Ansys – democratizing simulation is key to reducing uncertainty

George Lawton Profile picture for user George Lawton May 31, 2023
There are some broad implications for the future of the composable enterprise and for building more trustworthy AI. 


One of the biggest problems with modeling anything, whether a business, a factory, or a new product, is connecting simulations across domains. Multiple kinds of experts need to come together to understand how small changes in product design might improve performance and lower procurement, manufacturing, or tax costs. 

But these tools typically require deep domain expertise. Chris Harrold, Developer Experience Program Director at Ansys, has been leading efforts to democratize physics simulations. But his experience has broad implications for the future of the composable enterprise and for building more trustworthy AI.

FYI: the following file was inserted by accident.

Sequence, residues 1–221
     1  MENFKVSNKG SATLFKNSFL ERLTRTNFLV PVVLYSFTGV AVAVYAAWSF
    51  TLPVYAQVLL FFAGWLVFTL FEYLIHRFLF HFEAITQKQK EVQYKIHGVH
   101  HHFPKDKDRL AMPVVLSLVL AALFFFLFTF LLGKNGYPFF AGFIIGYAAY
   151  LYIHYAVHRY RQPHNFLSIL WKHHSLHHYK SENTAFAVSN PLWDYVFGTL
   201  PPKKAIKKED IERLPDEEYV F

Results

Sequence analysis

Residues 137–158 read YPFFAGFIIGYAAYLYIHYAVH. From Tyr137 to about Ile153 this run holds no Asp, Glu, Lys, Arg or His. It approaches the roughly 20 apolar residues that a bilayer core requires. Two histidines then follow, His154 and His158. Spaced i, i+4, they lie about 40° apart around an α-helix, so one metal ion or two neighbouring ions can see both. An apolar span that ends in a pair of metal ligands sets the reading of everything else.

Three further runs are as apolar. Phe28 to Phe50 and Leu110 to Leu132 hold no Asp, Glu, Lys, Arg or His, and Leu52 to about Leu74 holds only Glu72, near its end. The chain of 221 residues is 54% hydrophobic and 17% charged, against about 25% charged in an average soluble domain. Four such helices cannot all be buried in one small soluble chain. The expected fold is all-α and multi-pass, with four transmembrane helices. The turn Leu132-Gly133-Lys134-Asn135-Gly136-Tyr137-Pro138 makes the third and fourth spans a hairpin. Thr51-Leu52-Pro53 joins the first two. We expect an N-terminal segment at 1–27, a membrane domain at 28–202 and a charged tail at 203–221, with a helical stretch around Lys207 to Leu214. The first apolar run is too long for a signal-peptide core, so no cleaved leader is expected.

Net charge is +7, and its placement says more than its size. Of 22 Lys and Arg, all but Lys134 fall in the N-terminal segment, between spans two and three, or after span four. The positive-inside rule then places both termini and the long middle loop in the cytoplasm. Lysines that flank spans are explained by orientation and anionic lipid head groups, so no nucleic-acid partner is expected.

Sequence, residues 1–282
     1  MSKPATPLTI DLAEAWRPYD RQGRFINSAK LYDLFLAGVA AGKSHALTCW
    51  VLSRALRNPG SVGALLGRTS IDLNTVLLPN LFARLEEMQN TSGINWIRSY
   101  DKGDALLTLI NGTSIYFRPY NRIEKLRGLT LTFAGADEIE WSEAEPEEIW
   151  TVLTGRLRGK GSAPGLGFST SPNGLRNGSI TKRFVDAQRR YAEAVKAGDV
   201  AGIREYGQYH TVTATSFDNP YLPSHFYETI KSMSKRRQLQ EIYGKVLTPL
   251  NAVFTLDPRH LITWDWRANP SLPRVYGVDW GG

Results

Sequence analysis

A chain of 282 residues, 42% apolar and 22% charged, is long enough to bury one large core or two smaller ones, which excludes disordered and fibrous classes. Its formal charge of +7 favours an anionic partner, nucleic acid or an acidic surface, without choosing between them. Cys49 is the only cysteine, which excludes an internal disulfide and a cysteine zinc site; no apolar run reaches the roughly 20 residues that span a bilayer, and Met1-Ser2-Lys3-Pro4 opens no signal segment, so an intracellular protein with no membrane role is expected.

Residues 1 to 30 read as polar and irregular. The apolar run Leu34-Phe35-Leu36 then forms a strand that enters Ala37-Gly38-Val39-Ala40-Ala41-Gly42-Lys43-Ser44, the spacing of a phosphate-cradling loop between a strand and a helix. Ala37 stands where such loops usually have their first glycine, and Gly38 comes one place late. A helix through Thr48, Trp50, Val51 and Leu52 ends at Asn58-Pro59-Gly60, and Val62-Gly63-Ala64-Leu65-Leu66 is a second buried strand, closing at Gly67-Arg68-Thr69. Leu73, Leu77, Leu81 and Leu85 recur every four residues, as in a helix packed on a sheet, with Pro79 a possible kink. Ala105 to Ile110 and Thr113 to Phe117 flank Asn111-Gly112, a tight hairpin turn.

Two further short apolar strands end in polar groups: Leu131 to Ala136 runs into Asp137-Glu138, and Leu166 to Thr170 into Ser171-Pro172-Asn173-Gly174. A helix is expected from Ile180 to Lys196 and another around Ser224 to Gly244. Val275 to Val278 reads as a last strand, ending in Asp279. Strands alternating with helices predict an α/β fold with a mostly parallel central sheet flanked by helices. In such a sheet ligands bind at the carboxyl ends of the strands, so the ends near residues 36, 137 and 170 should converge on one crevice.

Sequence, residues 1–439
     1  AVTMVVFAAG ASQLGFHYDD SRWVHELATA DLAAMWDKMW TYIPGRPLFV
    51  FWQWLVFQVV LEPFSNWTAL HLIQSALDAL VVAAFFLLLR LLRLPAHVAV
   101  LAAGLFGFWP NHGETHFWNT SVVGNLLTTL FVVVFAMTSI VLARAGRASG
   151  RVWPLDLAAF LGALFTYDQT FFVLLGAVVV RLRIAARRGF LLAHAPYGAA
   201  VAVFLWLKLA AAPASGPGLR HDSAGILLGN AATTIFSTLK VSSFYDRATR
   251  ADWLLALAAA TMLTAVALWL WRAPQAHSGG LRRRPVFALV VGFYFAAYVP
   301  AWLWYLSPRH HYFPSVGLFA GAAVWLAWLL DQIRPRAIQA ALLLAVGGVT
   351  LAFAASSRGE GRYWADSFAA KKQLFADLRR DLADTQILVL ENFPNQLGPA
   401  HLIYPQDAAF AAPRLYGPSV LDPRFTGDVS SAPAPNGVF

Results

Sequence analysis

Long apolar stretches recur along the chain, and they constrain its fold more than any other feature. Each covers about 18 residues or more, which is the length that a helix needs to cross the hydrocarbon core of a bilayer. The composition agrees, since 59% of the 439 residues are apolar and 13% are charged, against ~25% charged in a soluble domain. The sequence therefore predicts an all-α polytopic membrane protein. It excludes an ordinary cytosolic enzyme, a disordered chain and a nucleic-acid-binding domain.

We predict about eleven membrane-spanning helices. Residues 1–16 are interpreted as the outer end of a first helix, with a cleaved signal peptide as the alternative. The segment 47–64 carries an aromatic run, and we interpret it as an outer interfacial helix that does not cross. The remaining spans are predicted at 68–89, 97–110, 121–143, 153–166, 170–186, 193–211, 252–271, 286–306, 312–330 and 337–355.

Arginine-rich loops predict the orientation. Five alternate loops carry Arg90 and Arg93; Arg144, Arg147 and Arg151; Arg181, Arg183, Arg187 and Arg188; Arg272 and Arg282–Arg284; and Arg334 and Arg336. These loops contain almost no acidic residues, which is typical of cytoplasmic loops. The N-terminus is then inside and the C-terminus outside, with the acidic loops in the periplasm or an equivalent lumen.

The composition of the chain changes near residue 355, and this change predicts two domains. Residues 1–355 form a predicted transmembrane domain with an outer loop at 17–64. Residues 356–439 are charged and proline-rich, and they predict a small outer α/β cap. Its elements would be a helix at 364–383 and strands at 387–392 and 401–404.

Harrold says: 

The concept behind democratizing simulation is about making it so that you can take a single domain expert and sort of codify their knowledge into your workflow, so that more of your designers and more of your engineers have access to that knowledge, without them being a bottleneck.

Simulating across domains is a generic business problem

One of the big challenges lies in reducing the uncertainty across different domains. In product development, this could include structural, electrical, fluid, and heat simulations. The hard part is that reorganizing the data across disciplines takes effort.  Harrold explains:

Every time you change physics domains, there’s a process that happens. And a lot of times that process is terrible. This isn’t just engineering-specific, it is generally specific. A lot of times, business processes are just terrible. I give this guy a spreadsheet, and then he sits for three hours and remaps the spreadsheet so that the data matches his data. That’s a process, but it’s a terrible process.